Saturday, March 8, 2014
On Wednesday, the Supreme Court heard oral arguments in Halliburton Co. v. Erica P. John Fund, Inc., 13-317 (Halliburton II), where it was being urged to overturn, or curtail, the fraud on the market presumption approved in Basic, Inc. v. Levinson (1988). Judging by the transcript, and as numerous reports indicated, it seems as though the Justices were attracted to the idea of tweaking Basic to require that plaintiffs prove the “market impact” of a particular false statement. Most surprisingly, although this was the fallback position urged by the defendants, it was also endorsed by Malcolm Stewart of the Solicitor General’s office, who was nominally arguing on the plaintiff’s side. Though one can never tell what will happen in the end, it does seem like this may be the direction in which the Court is headed – and if so, it could have significant implications for fraud-on-the-market cases in the future.
[More under the cut]
The first thing to note is that the fraud on the market doctrine is actually two separate, but related, presumptions in favor of the plaintiffs. First, that in an open and well-developed market, security prices reflect publicly available material information (the “objective” presumption); and second, that investors “rely” in some sense on market prices when they transact in such a market (the “subjective” presumption). From a doctrinal perspective, both presumptions are necessary for plaintiffs to satisfy the element of reliance in a Section 10(b) action.
In practice, lower courts have demanded that the plaintiffs demonstrate that markets are “efficient,” in an informational sense, before they will allow plaintiffs to proceed using the fraud on the market presumptions. This is a relatively demanding test for efficiency – it requires that plaintiffs show that the stock price is heavily traded, followed by multiple analysts, and that new public information is rapidly – often within hours – incorporated in security prices. Though the test has been severely (and justly) criticized, it does ultimately require that the plaintiffs show that the market is very well developed, and the security heavily traded and widely followed.
The position of Halliburton and some of its amici is that even these kinds of markets are not perfectly efficient, and therefore the first presumption - the objective presumption - is improper. Courts should not assume that all public information is incorporated into stock prices. Instead, they argue that plaintiffs should prove, statement by statement, that the defendant’s falsehoods impacted market prices. They argue that tools like event studies, to detect abnormal price movement, are an appropriate way of making such determinations. And it is this position that the Supreme Court seemed willing to consider.
What the Court did not seem to appreciate is that in most fraud cases, the defendant’s lies are not designed to move the stock price up, but to keep prices level – or to slow a stock price descent. Typically, the defendant makes statements about company performance that are true at the time. The market develops certain expectations for future performance, and coalesces around a stock price. Later, problems develop, and the defendant lies to cover them up, or to minimize them. The defendant commits accounting fraud to meet analyst expectations, or claims that a product in development is proceeding precisely as expected, while concealing the fact that the product does not function properly.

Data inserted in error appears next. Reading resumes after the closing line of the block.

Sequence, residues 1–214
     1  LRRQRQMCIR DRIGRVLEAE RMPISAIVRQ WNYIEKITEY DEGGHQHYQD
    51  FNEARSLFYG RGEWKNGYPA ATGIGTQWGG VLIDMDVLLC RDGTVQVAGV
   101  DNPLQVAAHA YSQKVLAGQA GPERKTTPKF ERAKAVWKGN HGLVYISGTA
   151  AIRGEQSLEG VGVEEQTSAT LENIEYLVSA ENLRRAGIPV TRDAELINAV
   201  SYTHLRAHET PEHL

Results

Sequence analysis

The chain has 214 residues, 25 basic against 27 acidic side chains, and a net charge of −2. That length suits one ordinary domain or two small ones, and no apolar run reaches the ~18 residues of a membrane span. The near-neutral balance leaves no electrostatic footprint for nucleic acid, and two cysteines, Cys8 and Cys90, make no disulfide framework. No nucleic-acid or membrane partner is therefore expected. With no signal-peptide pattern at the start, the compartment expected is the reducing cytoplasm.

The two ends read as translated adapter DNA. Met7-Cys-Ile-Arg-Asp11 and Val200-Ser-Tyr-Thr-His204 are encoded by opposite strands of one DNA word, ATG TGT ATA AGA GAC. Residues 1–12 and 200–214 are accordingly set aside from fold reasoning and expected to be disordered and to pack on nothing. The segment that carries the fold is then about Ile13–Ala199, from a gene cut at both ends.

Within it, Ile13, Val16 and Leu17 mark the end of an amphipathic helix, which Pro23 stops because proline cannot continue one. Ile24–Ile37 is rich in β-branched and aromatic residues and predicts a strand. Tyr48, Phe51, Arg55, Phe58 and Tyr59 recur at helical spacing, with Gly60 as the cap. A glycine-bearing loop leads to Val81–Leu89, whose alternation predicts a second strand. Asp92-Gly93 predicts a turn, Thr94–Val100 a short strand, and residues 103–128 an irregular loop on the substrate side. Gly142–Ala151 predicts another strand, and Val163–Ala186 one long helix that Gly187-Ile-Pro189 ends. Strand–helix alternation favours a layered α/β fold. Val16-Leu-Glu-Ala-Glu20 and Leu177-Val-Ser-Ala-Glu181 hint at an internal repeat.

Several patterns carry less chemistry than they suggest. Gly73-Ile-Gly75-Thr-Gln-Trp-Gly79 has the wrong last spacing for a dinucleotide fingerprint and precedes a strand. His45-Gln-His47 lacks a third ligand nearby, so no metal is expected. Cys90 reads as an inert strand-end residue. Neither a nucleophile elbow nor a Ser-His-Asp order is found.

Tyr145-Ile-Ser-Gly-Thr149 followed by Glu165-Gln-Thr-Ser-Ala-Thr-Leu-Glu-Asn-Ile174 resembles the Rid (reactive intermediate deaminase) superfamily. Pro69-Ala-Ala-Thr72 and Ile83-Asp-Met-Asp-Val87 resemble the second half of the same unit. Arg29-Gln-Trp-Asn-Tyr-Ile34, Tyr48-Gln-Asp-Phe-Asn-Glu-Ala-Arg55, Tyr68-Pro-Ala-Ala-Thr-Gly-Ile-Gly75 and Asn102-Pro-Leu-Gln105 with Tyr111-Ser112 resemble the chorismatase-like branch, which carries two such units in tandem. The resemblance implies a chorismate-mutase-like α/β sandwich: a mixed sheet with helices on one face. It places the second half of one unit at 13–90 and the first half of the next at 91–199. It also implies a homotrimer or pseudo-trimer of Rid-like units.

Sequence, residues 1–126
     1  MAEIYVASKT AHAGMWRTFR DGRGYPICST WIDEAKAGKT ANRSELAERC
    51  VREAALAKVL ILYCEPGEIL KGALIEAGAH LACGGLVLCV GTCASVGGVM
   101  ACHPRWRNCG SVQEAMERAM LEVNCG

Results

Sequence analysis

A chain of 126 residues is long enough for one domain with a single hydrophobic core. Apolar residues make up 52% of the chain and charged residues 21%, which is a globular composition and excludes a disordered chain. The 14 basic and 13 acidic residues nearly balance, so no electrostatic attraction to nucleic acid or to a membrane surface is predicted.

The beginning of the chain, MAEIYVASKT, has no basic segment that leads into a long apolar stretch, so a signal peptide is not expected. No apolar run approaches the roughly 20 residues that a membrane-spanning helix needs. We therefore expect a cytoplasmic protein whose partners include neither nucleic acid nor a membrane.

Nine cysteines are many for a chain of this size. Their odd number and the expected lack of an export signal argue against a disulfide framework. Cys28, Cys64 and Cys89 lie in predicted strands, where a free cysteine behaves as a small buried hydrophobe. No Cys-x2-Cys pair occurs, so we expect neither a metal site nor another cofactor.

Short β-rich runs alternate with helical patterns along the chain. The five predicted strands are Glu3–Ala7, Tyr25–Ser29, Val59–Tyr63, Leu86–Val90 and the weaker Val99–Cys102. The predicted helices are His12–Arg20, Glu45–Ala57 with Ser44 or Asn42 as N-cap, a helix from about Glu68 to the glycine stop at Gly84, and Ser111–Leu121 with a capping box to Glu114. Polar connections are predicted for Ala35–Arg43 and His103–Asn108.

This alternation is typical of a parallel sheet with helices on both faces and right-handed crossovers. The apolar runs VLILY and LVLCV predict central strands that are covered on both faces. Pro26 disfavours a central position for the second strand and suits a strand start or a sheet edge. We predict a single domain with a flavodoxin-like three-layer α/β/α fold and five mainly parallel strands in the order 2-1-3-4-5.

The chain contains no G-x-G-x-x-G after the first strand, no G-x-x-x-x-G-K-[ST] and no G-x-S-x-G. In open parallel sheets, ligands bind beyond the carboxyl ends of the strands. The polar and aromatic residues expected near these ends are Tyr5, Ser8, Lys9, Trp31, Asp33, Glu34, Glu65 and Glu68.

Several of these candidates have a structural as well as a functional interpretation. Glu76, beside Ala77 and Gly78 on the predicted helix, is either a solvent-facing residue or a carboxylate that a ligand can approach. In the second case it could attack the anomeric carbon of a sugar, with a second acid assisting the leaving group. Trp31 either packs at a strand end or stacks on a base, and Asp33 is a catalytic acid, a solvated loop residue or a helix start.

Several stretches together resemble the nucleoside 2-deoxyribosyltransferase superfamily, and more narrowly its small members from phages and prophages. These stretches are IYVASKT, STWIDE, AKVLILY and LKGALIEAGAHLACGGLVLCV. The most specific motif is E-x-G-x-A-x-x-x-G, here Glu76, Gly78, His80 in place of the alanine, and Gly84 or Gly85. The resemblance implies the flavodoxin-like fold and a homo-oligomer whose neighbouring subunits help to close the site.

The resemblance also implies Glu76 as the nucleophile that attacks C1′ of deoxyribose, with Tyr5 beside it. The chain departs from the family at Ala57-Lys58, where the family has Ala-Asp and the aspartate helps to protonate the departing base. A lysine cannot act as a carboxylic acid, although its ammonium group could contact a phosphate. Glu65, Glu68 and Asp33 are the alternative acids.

Because market prices only respond to unexpected information, for these frauds, the stock price does not move up in response to the false statement; it remains steady. Or it even falls, but it falls less than it would have had the truth been told.
Event studies are useless in these situations; there’s simply no market movement to detect. But that doesn’t mean the fraud didn’t have an effect; it just means that the fraud’s effect was to keep stock prices from falling to their natural levels.
It has been suggested in that in such situations – which are the majority of cases – the plaintiff can prove price impact by demonstrating that the price fell in response to a corrective disclosure, rather than proving that the price moved up when the lie first issued. The problem, however, is that there will never be a case that doesn’t have some kind of disclosure, and a stock price drop. That’s certain because plaintiffs don’t bring any other kind of case – a loss in response to negative news is what gets the ball rolling.
So most battles aren’t about whether the stock reacted to a disclosure. Most battles are about whether the disclosure is the right kind of disclosure. There is a developing circuit split on this issue, and under the strictest view, many cases don’t have any disclosures – ever. This is because a confession at Time 2 is not the same thing as the misstatement at Time 1 – indeed, the Supreme Court recognized as such in Erica P. John Fund, Inc. v. Halliburton Co. (2011) (“Halliburton I”), when it refused to require that loss causation be proved at the class certification stage.
Sometimes a company discloses that its prior statements were false – it issues a restatement, for example. But most of the time, the company just discloses a poor business development – poor sales, for example, or the denial of an FDA product application. The plaintiffs contend that there were problems hidden from view all along – the product didn’t work, the drug wasn’t safe – and the defendants deny any such thing. Certainly, the market was never told of these purported problems. Has there been a “disclosure” at all?